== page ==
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:: How to recognise Neurocanthocytosis

The first signs of the diseases in the neuroacanthocytosis (NA) group are subtle and easily overlooked. Initial symptoms, which often occur in the person’s mid 20’s, may include grunts or tic noises made unconsciously in the throat, progressing to drooling and problems in controlling the tongue from ejecting food. Involuntary biting of the tongue, lips and/or cheeks may follow.

At the beginning there can be a general, slight physical awkwardness. Things on a shelf are knocked off for no apparent reason. Difficulty with walking and balance can also be early symptoms. Problems controlling trunk, leg and arm movements are often barely noticeable at the beginning, but become increasingly difficult as the disease progresses. Several patients find it difficult to sleep at night and others report fatigue and weakness.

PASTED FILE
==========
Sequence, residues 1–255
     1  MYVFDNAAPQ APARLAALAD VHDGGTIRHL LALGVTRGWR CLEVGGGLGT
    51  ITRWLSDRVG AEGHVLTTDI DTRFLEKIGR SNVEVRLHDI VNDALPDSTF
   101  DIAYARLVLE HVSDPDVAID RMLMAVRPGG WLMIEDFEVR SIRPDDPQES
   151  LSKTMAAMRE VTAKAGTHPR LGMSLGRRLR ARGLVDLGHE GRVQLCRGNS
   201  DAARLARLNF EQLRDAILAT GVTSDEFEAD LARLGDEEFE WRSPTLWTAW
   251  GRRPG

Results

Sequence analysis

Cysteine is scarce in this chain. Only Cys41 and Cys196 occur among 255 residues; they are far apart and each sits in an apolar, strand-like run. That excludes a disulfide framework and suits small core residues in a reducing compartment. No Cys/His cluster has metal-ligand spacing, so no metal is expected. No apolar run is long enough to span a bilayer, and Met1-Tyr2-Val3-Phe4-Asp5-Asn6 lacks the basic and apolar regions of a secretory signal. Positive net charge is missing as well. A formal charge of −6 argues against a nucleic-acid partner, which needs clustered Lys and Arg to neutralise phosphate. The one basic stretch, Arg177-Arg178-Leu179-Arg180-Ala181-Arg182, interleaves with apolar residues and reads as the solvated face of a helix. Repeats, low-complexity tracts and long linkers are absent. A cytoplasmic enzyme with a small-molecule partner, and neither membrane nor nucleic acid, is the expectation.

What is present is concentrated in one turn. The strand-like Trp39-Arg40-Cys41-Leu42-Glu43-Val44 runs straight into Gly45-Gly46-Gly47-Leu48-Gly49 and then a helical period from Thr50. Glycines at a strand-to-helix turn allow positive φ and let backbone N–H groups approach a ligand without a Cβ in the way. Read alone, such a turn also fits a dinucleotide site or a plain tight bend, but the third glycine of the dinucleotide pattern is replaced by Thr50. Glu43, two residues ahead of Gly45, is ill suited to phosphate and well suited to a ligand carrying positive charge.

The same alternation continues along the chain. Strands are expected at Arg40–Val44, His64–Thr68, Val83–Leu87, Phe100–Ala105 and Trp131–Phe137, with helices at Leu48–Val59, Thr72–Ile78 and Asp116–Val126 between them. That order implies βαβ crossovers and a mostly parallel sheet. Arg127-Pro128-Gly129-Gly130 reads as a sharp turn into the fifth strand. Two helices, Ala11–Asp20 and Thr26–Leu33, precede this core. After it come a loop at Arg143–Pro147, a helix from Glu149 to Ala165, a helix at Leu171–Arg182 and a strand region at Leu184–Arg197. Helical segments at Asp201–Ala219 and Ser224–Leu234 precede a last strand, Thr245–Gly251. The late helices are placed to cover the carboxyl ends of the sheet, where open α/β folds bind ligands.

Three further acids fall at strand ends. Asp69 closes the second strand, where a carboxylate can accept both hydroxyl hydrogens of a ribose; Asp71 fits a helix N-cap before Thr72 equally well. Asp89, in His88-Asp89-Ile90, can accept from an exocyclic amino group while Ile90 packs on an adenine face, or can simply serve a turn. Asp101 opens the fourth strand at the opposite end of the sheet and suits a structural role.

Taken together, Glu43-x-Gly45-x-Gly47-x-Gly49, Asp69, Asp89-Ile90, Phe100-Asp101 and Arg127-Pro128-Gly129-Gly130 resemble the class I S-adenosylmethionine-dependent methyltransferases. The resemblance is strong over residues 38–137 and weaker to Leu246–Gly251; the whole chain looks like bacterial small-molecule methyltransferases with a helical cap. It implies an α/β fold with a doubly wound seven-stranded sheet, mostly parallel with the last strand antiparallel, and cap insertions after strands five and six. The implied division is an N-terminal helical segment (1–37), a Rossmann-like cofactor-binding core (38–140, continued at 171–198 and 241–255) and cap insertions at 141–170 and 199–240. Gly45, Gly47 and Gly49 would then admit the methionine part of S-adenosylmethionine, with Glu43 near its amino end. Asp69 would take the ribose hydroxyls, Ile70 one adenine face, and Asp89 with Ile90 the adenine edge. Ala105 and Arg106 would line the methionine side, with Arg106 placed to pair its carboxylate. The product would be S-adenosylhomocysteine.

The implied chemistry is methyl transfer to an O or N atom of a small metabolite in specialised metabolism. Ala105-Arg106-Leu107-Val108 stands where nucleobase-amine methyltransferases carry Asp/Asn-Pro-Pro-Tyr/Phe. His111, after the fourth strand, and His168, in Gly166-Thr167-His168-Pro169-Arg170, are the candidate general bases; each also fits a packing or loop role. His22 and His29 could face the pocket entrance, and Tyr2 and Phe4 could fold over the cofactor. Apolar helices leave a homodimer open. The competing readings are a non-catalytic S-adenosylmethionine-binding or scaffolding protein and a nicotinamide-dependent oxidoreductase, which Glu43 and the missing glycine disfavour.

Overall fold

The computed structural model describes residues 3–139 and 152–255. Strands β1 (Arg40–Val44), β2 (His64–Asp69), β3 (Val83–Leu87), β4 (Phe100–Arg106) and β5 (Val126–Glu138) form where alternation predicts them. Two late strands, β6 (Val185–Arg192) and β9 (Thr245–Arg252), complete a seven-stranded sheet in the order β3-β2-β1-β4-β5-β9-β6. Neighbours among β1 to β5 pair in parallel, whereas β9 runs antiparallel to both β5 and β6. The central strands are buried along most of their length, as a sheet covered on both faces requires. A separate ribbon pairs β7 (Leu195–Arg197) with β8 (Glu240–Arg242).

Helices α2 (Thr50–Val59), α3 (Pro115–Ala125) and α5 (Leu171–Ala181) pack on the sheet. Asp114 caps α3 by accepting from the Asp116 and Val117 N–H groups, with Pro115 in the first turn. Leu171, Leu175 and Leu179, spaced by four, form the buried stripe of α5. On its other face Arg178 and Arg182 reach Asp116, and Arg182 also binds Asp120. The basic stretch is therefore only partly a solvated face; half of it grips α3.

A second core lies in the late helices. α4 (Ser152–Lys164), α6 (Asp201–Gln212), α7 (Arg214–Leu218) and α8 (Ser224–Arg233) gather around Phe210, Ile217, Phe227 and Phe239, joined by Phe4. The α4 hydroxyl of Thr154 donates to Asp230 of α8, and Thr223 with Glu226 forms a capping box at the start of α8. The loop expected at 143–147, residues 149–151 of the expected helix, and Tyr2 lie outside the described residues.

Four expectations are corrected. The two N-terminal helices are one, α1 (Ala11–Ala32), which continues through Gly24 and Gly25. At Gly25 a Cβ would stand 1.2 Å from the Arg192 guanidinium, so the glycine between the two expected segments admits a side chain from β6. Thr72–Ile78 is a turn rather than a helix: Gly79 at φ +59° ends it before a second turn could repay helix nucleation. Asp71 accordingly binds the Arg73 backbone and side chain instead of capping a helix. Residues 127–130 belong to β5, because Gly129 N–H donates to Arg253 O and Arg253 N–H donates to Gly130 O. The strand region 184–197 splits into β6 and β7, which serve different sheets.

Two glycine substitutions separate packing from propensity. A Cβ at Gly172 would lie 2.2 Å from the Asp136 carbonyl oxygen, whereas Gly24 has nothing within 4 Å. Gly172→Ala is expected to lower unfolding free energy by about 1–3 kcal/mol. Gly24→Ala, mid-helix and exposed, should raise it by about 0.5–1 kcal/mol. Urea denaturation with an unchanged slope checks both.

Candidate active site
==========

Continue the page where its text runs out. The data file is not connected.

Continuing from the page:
Personality change may also be an early indication. The carefree young adult becomes obsessive-compulsive and uncharacteristically forgetful or just loses confidence or drive. Fainting or epileptic seizures may also occur. Mood changes may happen and a person often becomes isolated, in part out of embarrassment.

There are several reports of the problems beginning after a traumatic event including physical attack, unexpected failure of an exam and birth of a child.


A defining symptom that is not apparent is the spiky red blood cells, or acanthocytes, from which the NA disease group takes its name. These unusual blood cells can be observed with a microscope in some circumstances. Still more difficult to observe are the alterations or mutations in patients’ genes. Each of the NA group diseases has a different genetic characteristic that can be determined only by blood tests.